Terri Ann Masters, sales manager for Rudolph Manufacturing, was wrestling with a critical issue related to one of her longtime and until recently, most talented salespeople, Jason Benjamin. With the company for nearly 15 years, Jason had been one of its top salespeople for 11 of those years. At first, Terri Ann thought it was just bad luck and Jason would be able to turn it around. Now however after four years of seeing Jason miss sales targets and hearing increasing complaints from customers, Terri Ann knew somthing was wrong.
This was especially critical for Rudolph because Jason called on some of the companys biggest clients. Jason had worked his way up in the company and had been given these accounts seven years ago. During his first threee years with the accounts, Jason generated substantial new business from his clients. Management at the customers had actually gone to the trouble of calling Terri Ann and complimenting Rudolph on the relationship Jason had established. The end result was that Jason frequently exceeded his sales quotas and recieved healthy bonuses.
In the last few years however, there was very little new business coming from Jasons accounts. At the same time, Terri Ann knew these companies were growing and were taking business to other competitors. It was not that Jason had lost the accounts; they were still doing a reasonable business with Rudolph. Rather Terri Ann recongized there was additional business the company was not getting for some reason.
Of even greater concern was the number of complaints about Jason that had been coming in to Terri Ann. Jason certainly did not have the greatest number of complaints, but given his history, they were high. In addition, Jason seemed to be less motivated. When Terri Ann would call his office on Friday afternoons, she would find that he had already left for the weekend. The "old" Jason was one of the hardest working salespeople in the company.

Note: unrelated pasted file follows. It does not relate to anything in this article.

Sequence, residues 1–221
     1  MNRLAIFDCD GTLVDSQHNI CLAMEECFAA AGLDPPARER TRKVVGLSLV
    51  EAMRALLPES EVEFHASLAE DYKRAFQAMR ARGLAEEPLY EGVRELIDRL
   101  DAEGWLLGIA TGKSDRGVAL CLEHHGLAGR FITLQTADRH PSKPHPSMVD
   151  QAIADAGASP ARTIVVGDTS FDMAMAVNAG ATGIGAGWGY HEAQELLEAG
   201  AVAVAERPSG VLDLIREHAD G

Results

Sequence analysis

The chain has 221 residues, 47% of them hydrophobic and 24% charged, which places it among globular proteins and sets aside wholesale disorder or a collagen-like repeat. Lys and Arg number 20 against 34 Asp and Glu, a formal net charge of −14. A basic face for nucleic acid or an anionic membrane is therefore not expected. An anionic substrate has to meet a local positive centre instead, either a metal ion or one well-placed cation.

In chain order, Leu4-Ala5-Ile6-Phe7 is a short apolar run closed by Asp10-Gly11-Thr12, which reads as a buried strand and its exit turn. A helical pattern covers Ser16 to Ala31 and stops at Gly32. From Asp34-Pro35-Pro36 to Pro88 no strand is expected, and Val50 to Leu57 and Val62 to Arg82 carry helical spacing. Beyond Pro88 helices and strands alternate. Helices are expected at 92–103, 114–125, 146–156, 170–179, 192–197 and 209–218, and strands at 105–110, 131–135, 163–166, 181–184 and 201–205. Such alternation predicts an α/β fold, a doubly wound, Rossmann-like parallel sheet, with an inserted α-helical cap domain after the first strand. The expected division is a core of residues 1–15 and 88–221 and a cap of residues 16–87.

The problem was coming to a head. Management had a big push on inside the company to increase productivity. Terri Ann also had several younger salespeople who were eager to move into larger more demanding and higher potential accounts.
1. You are Terri Ann Masters. What would you do about Jason Benjamin?
2. What would you do with these younger sales people who are looking for new opportunities inside the company?
3. Offer ideas on why Jason's performance might have slipped after all these years with the company?
One of the most difficult tasks a sales manager faces is the motivation of a sales force. The diverse challenges of modern selling make this especially true. Salespeople may be scattered across a large geographical area; they may offer a broad product line to several diverse markets; their selling jobs are often technical and highly competitive; they may be part of a multifaceted sales team; and their expenses often represent a large portion of the company's marketing budget. Furthermore, many companies now have international sales forces whose composition adds even more complexity to the motivation challenge.
Because salespeople's needs change as they move through the various stages of their careers, sales incentives and compensation must be adapted. In particular, sales trainees and older salespeople present special motivational challenges. It is hard to motivate trainees who must undergo long breaking in periods before they are productive. It is difficult to give them a feeling of accomplishment. It is especially difficult to generate enthusiasm for selling when trainees are technically trained but lack a sales orientation. For ...
Definition of the needs of Sales People and how to motivate a sales force that is not producing or seems to have had a decline in performaance. Two questions answered as to what the Sales Manager should do with the employee and why the employee is not producing or what problems he may be having.